We are on a month to month rental. Landlord attempted to have meeting w/all tennants & they refused. He says he can't afford to lose 2 tennants to our 1 apt. My hip surgery will incapicate me for 3 months. We have never been trouble and these accusations are all lies. We stopped speaking to neighbors last Aug when they were being nasty. What are we to do? My husband can't work, take care of me and move. We did nothing wrong. I am disabled besides my upcoming surgery. This is a 3 apt house. We always thought we had a good repor with landlord. Please help us.
Landlord / Tenant Lawyer
Dear what are we to do?
To start, take a deep breath and do not panic. If the landlord has not served a written termination notice, the landlord has not begun to take any formal steps to having the right to take your home from you. Gather your important legal papers, and if you have an expired lease, plan at some point to visit with an attorney and or be prepared to deal with a litigation the landlord may commence.
You could begin your search for an attorney here:
Your landlord may ask you to leave, but that alone does not entitle the landlord to have you give up your home. Any New York landlord may decide to "terminate" a month to month tenancy, by serving on the tenant a written tenancy termination notice that informs the tenant that the landlord elects to end the tenancy and that the tenant must move out and give back the apartment to the landlord. If you have a standard rent due date month to month tenancy (that is your rent payment date is the first day of the month, the "termination" date for you, if the landlord serves this notice in February 2013 is March 31, 2013. The reason for that date is that the statute requires that the end date of the month to month tenancy be the same as the end date of any monthly term (so if you pay on the first, your monthly term is the first day of the month through the last day of the month; a termination notice for the "wrong" date is insufficient and the court could dismiss the landlord's case.)
And it is not your job to tell the landlord what he must legally do to "terminate" your tenancy. And, you do not need to promise to move. And, you do not need to sign any "surrender" agreement.
If the landlord properly terminates the tenancy, let's say for March 31, 2013, that means the landlord cannot start his possession case until on or after, April 1, 2013. The lawsuit is known as a summary holdover proceeding. The lawsuit is based on the landlord's claim that your month to month tenancy was properly terminate and that you did not move out.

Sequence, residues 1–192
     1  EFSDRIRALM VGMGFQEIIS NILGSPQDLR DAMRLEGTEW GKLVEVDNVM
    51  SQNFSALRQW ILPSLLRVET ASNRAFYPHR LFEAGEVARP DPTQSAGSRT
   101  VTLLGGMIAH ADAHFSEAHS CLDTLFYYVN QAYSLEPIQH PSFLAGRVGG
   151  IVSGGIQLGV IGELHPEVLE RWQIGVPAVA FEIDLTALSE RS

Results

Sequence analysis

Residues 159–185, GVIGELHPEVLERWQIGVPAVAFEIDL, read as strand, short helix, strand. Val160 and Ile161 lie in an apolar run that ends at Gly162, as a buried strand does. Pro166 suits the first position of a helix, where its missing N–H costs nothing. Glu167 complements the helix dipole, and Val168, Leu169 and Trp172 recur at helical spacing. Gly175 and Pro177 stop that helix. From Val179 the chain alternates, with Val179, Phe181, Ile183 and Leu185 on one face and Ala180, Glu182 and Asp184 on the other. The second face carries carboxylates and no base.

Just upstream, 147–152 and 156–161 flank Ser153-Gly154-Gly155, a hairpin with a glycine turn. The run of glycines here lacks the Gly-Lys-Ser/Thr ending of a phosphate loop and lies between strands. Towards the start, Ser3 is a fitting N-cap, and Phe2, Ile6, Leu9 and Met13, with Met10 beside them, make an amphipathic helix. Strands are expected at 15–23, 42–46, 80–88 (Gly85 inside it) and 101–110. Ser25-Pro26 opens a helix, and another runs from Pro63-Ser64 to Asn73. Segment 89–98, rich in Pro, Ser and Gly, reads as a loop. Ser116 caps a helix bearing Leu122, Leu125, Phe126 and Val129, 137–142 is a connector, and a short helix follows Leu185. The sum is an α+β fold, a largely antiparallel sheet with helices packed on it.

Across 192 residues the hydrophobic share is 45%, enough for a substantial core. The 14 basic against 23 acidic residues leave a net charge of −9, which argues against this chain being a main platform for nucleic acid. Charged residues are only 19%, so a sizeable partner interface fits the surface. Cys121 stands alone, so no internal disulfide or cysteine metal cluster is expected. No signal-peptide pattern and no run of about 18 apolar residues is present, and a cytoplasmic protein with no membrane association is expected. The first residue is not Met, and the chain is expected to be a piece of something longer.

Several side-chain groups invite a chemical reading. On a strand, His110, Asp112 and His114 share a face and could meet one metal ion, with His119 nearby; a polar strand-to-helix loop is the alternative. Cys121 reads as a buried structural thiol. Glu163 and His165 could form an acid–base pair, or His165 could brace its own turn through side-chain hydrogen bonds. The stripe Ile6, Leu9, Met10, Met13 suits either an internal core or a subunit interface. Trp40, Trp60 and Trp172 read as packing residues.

You are allowed to defend your home and challenge the landlord's case. And, if you are resolved to the idea of moving and need more time, judges are allowed to provide additional time to move conditioned on complying with a court order to pay the landlord for the months that you remain until the day that the court has decided you must move out.
You may have additional rights if you are disabled.
Read about your rights as a New York tenant in a landlord and tenant holdover summary proceeding at:
Court forms that may help:
Learn about your rights as a New York tenant at:
The answer provided to you is in the nature of general information. The general proposition being that you should try to avoid a bad outcome if you can.
the good news is that the 30 days notice does not mean you have to be out in 30 days. As a month to month tenant the landlord has to give you at least 30 days notice to vacate before they can take any action. Only a court can order an eviction and only a sheriff can execute it. If you are paying rent on the 1st of each month the thirty day notice must be given before the 1st. So if they serve the notice on you on 1/28 then the 30 days runs through 2/28. If they serve it 2/2 then it runs through 3/31. Also, if the landlord accepts rent after serving the notice he has automatically extended the term another month. If the notice is property served and after 30 days you are still there, then he can first commence an eviction proceeding in court. This requires service of process and a minimum of 7 to 12 days notice to be in court. You are entitled to one adjournment and then a trial. If after trial a judge determines you should be evicted the landlord first has to obtain a warrant of eviction and then get a sheriff to execute it. This all takes a minimum of 2 to 3 months. Given your condition, it should be a relatively easy thing to delay this for at least another couple of months with the help of an experienced attorney. Consult with an experienced attorney in your jurisdiction and if you are served with evicition papers I am sure the attorney will be able to work out an amicable settlement which will give you sufficient time to recover from your surgery before having to move out.
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